When you’re a licensed therapist, your days are spent providing support to patients who are experiencing the psychological impacts of trauma and distress. So it’s only natural that you take on some of this stress, and possibly, experience the side effects of exposure to such strains.
Of course, there are various career paths your qualification as a therapist can take you down. But when you’re comparing mental health counseling vs social work, the emotional labor involved is much the same. As a social worker especially, it’s essential to stay on top of your mental health. This means practicing self-care strategies to actively prevent potential burnout.
Let us take you through these strategies.
The Perils of Practicing Psychiatric Care: Therapy Work and Vicarious Trauma
When you’re constantly exposed to the distressing events your clients relay to you, it’s not uncommon to experience secondhand stress. Also referred to as vicarious trauma, this phenomenon can have disastrous effects on the psychologist in question. Most commonly, it can lead to extreme emotional burnout.
So, what are the symptoms of vicarious trauma? And perhaps more importantly, what tactics can we employ to actively avoid it?
While these vary from one individual to another, some of the common symptoms of vicarious or secondary trauma can include:
- Psychological impacts – such as experiencing intrusive thoughts, anxiety or depression, increased irritability, or a sense of irrational fear.
- Physiological side effects – such as disturbed sleep and nightmares, low energy, or conversely, stress-related hypertension.
- Emotional changes – such as wanting to withdraw from others and spend more time alone, and also, a lack of enjoyment in activities we usually find pleasurable or relaxing.
Without a doubt, experiencing any or all of these symptoms can have a drastic effect, both on our personal lives and on our performance at work. For this reason, social workers in particular need to develop tactics to prevent the onset of secondary trauma, and to remain resilient in the face of exposure to distressing information.
Remaining Resilient: How to Prevent Stress as a Social Worker
Here are some of the ways you can prevent stress as a social worker:
Set Healthy Boundaries: A Little Compartmentalizing Won’t Hurt
Traditionally, compartmentalization has had negative connotations. Often referred to by psychologists as ‘cognitive dissonance’, it can be a sign that we are not able to tackle our trauma head-on. Instead, we prefer to ‘box it up’ to deal with it at a later time.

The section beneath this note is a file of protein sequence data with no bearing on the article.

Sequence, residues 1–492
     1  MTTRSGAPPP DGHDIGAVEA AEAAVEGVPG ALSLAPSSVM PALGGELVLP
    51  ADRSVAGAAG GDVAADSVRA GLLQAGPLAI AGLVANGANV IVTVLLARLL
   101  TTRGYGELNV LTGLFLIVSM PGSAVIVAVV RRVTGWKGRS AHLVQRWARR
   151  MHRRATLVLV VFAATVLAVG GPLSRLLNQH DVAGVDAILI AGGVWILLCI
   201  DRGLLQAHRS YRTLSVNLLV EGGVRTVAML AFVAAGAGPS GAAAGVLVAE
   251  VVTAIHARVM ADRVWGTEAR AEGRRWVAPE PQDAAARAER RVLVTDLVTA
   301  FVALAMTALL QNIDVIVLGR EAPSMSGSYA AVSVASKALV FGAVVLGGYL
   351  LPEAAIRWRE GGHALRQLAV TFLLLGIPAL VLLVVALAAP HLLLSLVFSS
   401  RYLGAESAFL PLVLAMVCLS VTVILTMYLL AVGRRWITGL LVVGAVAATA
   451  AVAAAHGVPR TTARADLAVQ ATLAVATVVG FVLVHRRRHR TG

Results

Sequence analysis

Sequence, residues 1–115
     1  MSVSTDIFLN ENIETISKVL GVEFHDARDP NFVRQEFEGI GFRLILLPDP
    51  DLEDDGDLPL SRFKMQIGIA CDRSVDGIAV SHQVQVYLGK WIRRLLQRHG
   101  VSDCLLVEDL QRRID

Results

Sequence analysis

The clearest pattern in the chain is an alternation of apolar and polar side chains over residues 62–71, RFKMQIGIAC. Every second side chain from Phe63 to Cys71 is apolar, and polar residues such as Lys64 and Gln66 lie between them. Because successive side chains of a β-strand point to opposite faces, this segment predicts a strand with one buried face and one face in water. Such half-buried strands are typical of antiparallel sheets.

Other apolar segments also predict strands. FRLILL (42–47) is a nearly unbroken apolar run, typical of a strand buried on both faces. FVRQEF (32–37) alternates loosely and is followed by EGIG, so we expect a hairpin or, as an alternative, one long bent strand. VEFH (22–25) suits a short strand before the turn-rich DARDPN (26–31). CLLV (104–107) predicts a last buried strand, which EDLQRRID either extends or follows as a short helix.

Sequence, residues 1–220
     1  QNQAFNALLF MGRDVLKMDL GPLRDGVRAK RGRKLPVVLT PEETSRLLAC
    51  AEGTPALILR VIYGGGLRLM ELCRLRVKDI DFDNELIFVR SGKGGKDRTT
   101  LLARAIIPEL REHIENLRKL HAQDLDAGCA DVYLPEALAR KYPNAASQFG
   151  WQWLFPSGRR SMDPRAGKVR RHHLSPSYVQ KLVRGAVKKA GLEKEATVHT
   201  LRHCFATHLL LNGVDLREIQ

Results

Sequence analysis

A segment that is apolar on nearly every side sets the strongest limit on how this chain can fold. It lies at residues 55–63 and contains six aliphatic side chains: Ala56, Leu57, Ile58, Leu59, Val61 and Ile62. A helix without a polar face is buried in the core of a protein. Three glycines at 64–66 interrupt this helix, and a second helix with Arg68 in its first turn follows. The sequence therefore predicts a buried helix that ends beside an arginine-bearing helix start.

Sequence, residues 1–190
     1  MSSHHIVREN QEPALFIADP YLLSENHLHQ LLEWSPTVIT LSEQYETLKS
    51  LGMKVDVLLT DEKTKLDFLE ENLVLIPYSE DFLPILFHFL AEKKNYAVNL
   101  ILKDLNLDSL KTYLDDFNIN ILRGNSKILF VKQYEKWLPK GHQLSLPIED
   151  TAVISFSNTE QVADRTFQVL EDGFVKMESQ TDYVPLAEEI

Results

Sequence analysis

Despite this, learning how to compartmentalize and separate your work and personal lives is not all bad. As a mental healthcare worker, you need to have some degree of separation to be able to de-stress and decompress at the end of the day. It doesn’t help to let your mind run over time and overthink the issues of your patients. Try, instead, to leave your work at the door when you leave the practice. Once you step out of your workplace environment, think of the change in the physical location as an opportunity to change your mindset. This is your time now, and you don’t need to be reliving the distressing experiences of the day over again in your mind.
Detach A Little: It’s Okay to Distance Yourself
Compartmentalizing also gives you the space to be able to distance yourself from your work. Developing a sense of emotional detachment is an important skill for a social worker. Of course, it is also vital to show empathy and genuine care for the plight of your patients. But, this does not mean you need to take on their stress. Their trauma is theirs to carry, and yours to help guide them through. Your role is to support your patients, not to experience the same disturbing side effects of their traumatic life events.
Live Your Life: Decompress and Enjoy Your Downtime
And finally, you deserve to live your life to the fullest, regardless of how stressful your job is. You could even argue that the more stressful your work is, the more important it is for you to decompress in your downtime.
Take active measures to engage in self-care – like spending time with friends and family, focusing on your physical health, or even, just doing something silly like hosting an ugly sweater party. Whatever is fun for you, and takes your mind off the stresses of your job. Your mental health will be grateful for the positive distraction.